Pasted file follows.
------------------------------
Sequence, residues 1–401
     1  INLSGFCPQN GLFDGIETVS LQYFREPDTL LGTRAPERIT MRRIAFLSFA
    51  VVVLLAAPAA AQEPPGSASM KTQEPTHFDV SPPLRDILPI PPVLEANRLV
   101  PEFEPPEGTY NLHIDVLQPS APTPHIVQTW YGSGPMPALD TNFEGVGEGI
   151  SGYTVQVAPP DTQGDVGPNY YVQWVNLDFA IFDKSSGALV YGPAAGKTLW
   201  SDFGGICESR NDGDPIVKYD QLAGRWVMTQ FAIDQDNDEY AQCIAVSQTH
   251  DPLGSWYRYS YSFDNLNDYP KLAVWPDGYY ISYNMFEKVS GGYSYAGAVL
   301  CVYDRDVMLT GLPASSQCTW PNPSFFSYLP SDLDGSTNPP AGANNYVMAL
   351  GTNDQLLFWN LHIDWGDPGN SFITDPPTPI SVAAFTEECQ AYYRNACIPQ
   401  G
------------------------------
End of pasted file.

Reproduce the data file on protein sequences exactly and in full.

Sequence, residues 1–401
     1  INLSGFCPQN GLFDGIETVS LQYFREPDTL LGTRAPERIT MRRIAFLSFA
    51  VVVLLAAPAA AQEPPGSASM KTQEPTHFDV SPPLRDILPI PPVLEANRLV
   101  PEFEPPEGTY NLHIDVLQPS APTPHIVQTW YGSGPMPALD TNFEGVGEGI
   151  SGYTVQVAPP DTQGDVGPNY YVQWVNLDFA IFDKSSGALV YGPAAGKTLW
   201  SDFGGICESR NDGDPIVKYD QLAGRWVMTQ FAIDQDNDEY AQCIAVSQTH
   251  DPLGSWYRYS YSFDNLNDYP KLAVWPDGYY ISYNMFEKVS GGYSYAGAVL
   301  CVYDRDVMLT GLPASSQCTW PNPSFFSYLP SDLDGSTNPP AGANNYVMAL
   351  GTNDQLLFWN LHIDWGDPGN SFITDPPTPI SVAAFTEECQ AYYRNACIPQ
   401  G